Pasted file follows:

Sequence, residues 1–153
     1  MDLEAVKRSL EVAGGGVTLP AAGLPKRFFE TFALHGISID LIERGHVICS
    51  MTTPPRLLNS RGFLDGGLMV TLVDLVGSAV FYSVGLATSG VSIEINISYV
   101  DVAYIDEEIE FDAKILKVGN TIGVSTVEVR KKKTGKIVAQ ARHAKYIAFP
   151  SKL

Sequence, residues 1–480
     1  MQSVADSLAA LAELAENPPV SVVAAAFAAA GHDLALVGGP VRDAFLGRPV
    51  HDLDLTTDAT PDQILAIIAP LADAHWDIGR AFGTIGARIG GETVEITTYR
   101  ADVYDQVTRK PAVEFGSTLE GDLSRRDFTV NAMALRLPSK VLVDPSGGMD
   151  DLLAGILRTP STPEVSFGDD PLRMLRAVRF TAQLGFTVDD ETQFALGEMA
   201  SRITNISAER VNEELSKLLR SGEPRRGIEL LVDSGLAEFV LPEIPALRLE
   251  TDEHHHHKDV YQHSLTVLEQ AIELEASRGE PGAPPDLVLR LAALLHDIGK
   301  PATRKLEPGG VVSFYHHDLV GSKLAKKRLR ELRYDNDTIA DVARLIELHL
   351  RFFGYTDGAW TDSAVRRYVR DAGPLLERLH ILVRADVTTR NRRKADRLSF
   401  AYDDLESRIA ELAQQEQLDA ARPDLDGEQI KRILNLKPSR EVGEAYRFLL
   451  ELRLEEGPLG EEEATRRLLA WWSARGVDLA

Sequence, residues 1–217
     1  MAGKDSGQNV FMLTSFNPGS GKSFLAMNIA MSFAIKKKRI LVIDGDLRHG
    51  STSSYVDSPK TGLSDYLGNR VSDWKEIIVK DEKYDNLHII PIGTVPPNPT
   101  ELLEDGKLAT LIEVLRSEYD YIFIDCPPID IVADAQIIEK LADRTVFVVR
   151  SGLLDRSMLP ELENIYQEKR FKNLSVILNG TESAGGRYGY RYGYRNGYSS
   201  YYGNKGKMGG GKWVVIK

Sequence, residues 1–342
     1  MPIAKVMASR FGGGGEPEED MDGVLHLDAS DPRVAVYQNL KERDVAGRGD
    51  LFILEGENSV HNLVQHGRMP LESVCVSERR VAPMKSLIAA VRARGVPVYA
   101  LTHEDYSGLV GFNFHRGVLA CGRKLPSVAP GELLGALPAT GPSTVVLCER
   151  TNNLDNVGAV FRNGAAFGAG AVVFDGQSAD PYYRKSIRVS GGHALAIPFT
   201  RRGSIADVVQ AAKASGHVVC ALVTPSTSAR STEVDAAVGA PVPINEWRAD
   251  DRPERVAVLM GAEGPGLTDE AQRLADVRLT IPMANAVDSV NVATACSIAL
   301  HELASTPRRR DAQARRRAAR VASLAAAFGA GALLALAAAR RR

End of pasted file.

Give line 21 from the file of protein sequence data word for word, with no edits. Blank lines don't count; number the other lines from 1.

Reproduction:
   151  SGLLDRSMLP ELENIYQEKR FKNLSVILNG TESAGGRYGY RYGYRNGYSS